A key recession indicator suggests the Fed may slash rates soon

Howdy readers. Phil Rosen here, writing to you from Manhattan.

As a writer, words fascinate me, especially ones I've never encountered before. You can imagine my excitement when I read last night that scientists just found an "ultramassive" black hole.

While scientists delight in the thrill of discovery, markets are in a more sour mood. There's another bond market signal flashing and it could mean the Fed's about to step in.

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Jerome Powell
Jerome Powell

WASHINGTON, DC - SEPTEMBER 26: Federal Reserve Board Chairman Jerome Powell arrives for a news conference on September 26, 2018 in Washington, DC. The Fed raised short-term interest rates by a quarter percentage point as expected today, with market watchers expecting one more increase this year and three more in 2019.Photo by Mark Wilson/Getty Images


1. If a recession does indeed arrive in 2023, it will conclude an absurdly long run of expert and technical forecasts that have been predicting a downturn since early last year.

We write a lot about bond yields flashing recession indicators, and there are a few that are closely watched and reliable signals, such as the difference between the 2 and the 10-year Treasury, which has been inverted for about a year now.

But there are other bond market signs, too, and the recent rally in bonds at the shorter-term end of the Treasury curve may just be the indicator with the most troubling track record.

On Wednesday, DataTrek Research pointed out that that marker moved two standard deviations higher over recent days. That's only happened on a handful of other occasions:

  • March 2020, before the pandemic-induced recession

  • August 2007 and September 2008, during the Great Financial Crisis

  • October 2002, the final month of the bear market during the dot-com bubble burst

In each of those cases, the Fed ultimately stepped in quickly to slash interest rates.

This, according to DataTrek, is bad news.

"The default scenario baked into asset prices is based on the Fed pivoting – quickly – to lowering policy rates," DataTrek's Nicholas Colas said. "That can only mean a recession is close at hand, one that would reduce inflation and be steep/deep enough to force the Fed to act."

In effect, the bond market is telling us that the Fed could be on the brink of making a policy pivot as the economy falters.

The stock market would welcome lower rates, but the move by the central bank would be in service of stimulating the economy in the event of slowing growth.

Remember, in the name of fighting inflation, the central bank has pushed interest rates to the highest they've been since 2007, and these moves have threatened to tip the US economy into a downturn.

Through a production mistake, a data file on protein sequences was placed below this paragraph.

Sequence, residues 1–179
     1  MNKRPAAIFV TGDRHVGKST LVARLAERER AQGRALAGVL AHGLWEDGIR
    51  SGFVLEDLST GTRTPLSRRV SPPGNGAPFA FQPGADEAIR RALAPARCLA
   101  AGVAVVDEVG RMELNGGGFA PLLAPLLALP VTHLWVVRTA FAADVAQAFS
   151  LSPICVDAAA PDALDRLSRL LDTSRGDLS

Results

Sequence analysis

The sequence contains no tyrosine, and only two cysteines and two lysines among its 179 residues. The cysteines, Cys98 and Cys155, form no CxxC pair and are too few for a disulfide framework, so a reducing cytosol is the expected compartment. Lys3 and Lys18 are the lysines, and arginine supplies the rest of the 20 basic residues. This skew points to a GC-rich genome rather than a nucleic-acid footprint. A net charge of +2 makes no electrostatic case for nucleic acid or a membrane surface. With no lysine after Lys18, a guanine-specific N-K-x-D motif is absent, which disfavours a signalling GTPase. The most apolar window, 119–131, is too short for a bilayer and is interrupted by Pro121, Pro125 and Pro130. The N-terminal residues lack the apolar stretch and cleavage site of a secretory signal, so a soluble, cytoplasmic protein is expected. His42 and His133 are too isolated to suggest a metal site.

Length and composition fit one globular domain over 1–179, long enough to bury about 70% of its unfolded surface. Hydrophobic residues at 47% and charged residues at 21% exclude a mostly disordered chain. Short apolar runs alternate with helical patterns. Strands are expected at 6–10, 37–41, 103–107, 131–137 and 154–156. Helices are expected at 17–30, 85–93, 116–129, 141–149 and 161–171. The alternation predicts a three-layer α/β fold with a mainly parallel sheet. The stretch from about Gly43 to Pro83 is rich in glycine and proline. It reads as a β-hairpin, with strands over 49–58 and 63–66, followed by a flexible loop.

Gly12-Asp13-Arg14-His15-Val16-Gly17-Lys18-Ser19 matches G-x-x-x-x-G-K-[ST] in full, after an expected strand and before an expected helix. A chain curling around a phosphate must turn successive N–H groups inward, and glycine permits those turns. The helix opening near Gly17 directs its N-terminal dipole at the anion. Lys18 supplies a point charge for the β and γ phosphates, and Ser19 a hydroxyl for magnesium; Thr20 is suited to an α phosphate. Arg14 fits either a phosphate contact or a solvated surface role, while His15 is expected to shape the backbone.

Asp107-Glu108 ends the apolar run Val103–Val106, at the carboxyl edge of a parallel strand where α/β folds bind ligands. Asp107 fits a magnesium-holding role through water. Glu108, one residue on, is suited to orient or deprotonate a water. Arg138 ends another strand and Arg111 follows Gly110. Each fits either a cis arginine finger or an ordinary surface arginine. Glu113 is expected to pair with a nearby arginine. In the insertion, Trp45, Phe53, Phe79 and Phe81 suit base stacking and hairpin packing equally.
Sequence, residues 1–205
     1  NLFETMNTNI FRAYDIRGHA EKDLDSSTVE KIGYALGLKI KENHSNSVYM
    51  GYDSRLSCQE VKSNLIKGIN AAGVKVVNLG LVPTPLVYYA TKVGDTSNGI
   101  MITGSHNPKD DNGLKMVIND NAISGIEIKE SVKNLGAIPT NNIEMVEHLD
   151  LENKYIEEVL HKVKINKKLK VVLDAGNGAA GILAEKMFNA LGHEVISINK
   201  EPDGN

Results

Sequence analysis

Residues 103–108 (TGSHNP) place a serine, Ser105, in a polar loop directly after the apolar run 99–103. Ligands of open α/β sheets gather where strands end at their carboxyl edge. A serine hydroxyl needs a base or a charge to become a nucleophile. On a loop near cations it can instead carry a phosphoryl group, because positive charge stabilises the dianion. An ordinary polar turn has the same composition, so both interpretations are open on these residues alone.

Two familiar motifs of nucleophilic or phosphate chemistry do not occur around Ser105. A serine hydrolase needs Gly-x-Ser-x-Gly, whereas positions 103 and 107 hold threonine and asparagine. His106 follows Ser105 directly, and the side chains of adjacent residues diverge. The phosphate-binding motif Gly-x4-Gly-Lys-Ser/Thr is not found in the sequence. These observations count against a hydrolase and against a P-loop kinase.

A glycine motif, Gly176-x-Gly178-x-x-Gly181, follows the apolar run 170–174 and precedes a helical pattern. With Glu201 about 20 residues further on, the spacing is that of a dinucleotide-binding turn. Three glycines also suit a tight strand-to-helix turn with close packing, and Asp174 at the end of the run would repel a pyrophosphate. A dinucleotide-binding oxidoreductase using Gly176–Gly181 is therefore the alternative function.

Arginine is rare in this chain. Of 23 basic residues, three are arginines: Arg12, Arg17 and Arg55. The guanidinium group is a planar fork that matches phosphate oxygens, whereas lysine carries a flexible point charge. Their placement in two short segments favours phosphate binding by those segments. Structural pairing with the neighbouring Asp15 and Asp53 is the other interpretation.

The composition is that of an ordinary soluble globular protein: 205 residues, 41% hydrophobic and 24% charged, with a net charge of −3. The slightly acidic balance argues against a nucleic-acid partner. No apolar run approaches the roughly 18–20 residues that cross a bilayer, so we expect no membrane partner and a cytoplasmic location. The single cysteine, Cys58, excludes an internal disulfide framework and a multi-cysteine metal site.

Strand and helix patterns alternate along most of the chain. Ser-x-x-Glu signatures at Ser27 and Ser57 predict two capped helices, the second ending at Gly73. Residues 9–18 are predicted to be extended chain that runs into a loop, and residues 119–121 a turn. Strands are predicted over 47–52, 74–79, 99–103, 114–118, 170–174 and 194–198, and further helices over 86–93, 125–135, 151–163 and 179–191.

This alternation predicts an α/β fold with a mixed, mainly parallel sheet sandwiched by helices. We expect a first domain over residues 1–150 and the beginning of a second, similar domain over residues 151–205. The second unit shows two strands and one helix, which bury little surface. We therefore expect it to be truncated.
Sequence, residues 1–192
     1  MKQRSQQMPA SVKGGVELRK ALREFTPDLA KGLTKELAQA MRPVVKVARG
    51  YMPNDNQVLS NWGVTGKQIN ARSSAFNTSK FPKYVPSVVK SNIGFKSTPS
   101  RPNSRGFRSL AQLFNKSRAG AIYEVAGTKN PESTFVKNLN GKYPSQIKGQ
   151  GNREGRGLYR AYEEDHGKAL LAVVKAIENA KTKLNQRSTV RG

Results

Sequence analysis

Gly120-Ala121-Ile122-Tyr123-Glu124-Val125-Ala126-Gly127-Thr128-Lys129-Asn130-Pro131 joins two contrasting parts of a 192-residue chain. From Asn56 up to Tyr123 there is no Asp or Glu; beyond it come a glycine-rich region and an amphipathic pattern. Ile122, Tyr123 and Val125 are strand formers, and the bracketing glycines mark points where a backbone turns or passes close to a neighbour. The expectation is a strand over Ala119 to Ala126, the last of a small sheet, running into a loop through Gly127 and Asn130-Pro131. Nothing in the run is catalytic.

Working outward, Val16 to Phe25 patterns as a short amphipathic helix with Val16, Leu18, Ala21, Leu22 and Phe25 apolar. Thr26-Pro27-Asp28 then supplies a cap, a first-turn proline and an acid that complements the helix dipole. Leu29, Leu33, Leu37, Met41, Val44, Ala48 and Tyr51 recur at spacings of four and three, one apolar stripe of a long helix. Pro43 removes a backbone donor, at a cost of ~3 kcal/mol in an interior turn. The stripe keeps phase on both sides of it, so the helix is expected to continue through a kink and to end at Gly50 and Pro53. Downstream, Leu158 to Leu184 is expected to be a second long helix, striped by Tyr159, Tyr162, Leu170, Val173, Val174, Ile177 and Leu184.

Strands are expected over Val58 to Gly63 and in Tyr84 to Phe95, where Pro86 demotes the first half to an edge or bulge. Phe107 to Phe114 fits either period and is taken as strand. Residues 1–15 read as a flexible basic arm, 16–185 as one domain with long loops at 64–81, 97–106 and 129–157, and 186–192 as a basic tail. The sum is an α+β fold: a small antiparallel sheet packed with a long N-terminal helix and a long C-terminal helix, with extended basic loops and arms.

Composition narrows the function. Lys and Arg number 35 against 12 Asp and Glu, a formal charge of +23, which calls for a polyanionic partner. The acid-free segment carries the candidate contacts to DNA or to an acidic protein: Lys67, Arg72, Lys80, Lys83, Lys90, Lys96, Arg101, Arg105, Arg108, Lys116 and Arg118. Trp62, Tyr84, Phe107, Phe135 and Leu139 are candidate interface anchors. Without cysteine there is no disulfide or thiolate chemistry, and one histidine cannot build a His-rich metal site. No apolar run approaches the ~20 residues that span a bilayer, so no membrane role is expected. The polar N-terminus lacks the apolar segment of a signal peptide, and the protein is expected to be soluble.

But the latest CPI reading put inflation at 6%, well above the Fed's 2% target — which suggests a choppy road ahead for policymakers, markets, and the economy.

What recession indicators are you watching these days? Do you think the US will enter a downturn this year? Tweet me (@philrosenn) or email me ( to let me know. 

In other news:

Tesla charging at Supercharger in Pleasanton, California.
Tesla charging at Supercharger in Pleasanton, California.

A different Tesla being charged.Smith Collection/Gado/Getty Images


2. US stock futures rise early Thursday in a further sign fears of a banking crisis are easing. Investors are shifting focus back to the Fed's thinking on interest rates, with a PCE inflation update due Friday. Here are the latest market moves.

3. On the docket: Bank of China, Manchester United, and more, all reporting.

4. This portfolio manager at a $41 billion investment firm doesn't think US stocks look as attractive as their international counterparts. He's eyeing a batch of names that could cushion the impact of a recession. See the list of stocks that could resist or even outperform in a recession.

5. Recent moves by the SEC and CFTC may indicate just the start of a wider crypto crackdown. High-profile events like FTX's crash and the implosion of TerraUSD last year have made new regulation inevitable, compliance experts told Insider. As a result, markets could face more volatility and price swings.

6. The US energy sector is stagnating, with top executives reporting a downbeat outlook and declining production. A new Dallas Fed survey illustrated a slowdown that has coincided with falling crude prices to start 2023: "Growth in the oil and gas sector slowed to a crawl in the first quarter, as firms faced increasing costs."

7. Wedbush estimated that Tesla stock could rally 13% this year. The EV maker slashed prices for vehicles in China, which is expected to boost demand. Strategists estimated deliveries could soar to at least 420,000 this quarter. 

8. Homebuyers looking for a bargain should think about these 20 cities. In certain locations across the US, houses are actually cheaper than condos — so start your search with this list if you're looking to score a deal.

9. JPMorgan shared four charts that put the banking crisis into perspective. The financial turmoil has roiled investors, but it's still possible markets avoid a crash — and the downturn in tech may be nearing its end.

A screenshot of the 2023 year-to-date earnings of Nvidia
A screenshot of the 2023 year-to-date earnings of Nvidia

Markets Insider

10. Nvidia had added $300 billion in market value this year. Shares of the tech firm are up more than 80% this year thanks to the booming AI hype. See the numbers behind Nvidia's best quarter in two decades.

Curated by Phil Rosen in New York. Feedback or tips? Tweet @philrosenn or email

Edited by Max Adams (@maxradams) in New York and Jack Sommers (@jack_sommers) in London.

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